Feinberg SuperAger program examines exceptional cognitive aging


Daily file photo by Katie Pach

The SuperAger program focuses on finding how older people can age exceptionally well.

Kaavya Butaney, Reporter

Internationally, the population of older people is the largest it has ever been. Cases of aging-related diseases grow in tandem with this trend, but until recently, research on them has primarily focused on dementia. 

But an initiative from the Mesulam Center for Cognitive Neurology and Alzheimer’s Disease at the Feinberg School of Medicine is taking the opposite approach. The program studies “SuperAgers,” or those with exceptional cognitive ability at over 80 years old who perform at least as well as their 50- to 60-year-old counterparts.

“If we know what allows (SuperAgers) maintaining cognitive performance in old age … then perhaps we could help those who are demented,” said Feinberg Prof. Changiz Geula, who studies cognitive neurology and cell and development biology.

The study was conceived in 2006, according to Geula, and officially began in 2008.

It takes a multifaceted approach. Feinberg Prof. and Mesulam Center Associate Director Emily Rogalski heads the clinical side, focusing on testing and recruiting SuperAgers. Geula primarily studies the brain tissue and blood products, while Feinberg Prof. Tamar Gefen uses microscopy to examine the postmortem brain.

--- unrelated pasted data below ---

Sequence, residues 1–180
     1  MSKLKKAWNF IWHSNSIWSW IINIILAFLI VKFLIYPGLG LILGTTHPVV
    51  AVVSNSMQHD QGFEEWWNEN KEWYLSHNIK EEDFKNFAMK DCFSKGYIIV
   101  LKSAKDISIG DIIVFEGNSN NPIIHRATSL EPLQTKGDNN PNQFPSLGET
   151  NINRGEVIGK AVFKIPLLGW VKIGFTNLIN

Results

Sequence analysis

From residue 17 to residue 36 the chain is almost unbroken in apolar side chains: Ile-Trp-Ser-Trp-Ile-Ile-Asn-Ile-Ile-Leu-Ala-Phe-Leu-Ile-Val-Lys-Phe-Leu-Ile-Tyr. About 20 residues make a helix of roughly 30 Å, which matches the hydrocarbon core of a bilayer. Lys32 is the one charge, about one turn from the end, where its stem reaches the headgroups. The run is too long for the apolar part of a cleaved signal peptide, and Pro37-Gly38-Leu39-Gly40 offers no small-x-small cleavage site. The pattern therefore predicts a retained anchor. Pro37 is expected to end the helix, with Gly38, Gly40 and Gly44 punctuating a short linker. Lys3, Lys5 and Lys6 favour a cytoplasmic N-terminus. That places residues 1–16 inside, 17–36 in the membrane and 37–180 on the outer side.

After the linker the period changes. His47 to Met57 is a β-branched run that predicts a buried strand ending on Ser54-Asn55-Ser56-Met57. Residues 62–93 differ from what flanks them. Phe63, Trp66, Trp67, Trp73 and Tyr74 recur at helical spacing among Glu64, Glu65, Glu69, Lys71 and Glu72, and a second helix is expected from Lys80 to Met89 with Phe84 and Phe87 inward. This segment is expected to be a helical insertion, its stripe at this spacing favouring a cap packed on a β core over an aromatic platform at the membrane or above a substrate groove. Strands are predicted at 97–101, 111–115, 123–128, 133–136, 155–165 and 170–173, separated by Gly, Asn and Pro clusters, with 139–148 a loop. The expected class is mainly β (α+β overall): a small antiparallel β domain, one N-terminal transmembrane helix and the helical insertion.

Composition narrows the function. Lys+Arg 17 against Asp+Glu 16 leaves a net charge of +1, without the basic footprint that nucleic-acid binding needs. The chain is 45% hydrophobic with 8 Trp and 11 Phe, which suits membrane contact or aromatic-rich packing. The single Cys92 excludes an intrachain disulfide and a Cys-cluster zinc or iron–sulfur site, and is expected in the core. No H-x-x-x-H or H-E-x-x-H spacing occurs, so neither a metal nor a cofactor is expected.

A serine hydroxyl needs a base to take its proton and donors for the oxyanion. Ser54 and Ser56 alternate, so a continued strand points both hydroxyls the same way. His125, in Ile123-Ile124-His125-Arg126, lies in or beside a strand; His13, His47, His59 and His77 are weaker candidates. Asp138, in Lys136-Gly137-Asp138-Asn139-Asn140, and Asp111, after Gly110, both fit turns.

“SuperAgers give a good opportunity to change that stigma (around aging) by showing that they’re doing so well and contributing in so many different ways to society,” Rogalski said. “It offers … an opportunity to change expectations around aging.”

In September, the Mesulam Center published a paper with some of the SuperAgers’ biological signatures. Generally, SuperAgers have significantly less plaque and tangle in their brains than average older people, meaning they have less of the features of Alzheimer’s patients. Over time, brains degrade and lose mass, specifically in the cerebral cortex. However, when an MRI of a SuperAger is compared to that of someone two to three decades younger, the cerebral cortex volumes are similar.

Geula said the researchers found one part of the cortex, the anterior cingulate cortex, is even thicker for SuperAgers than it is for middle-aged people. He said this cortex has a very specific neuron population of “von Economo neurons” that is much larger for SuperAgers. While these neurons do not have a confirmed purpose, they are common in socially intelligent species. 

Last year, the National Institute of Aging and the McKnight Brain Research Foundation gave the program a $20 million grant, allowing it to extend its research to five locations, including one in Canada. 

“It extends both the depth and breadth of science we can do,” Rogalski said. “One (project) is… wearable sensors … you can think of these like a Fitbit … they can measure sleep, they can measure activity and other aspects of motor function.”

The program is also currently focusing on diversifying its subjects. Rogalski said the program aims to include more Black participants. 

Over the last couple of years, the SuperAger name has also taken off nationally. Currently, though, the professors are focused on the expansion of the project.

“Sometimes what we learn is just a little speck. Sometimes it’s very significant and related to many other things,” Geula said. “Dementia and Alzheimer’s are things we really have not been able to tackle that easily, so there’s a lot to learn, and every day there’s more that we learn.”

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Twitter: @kaavya_butaney

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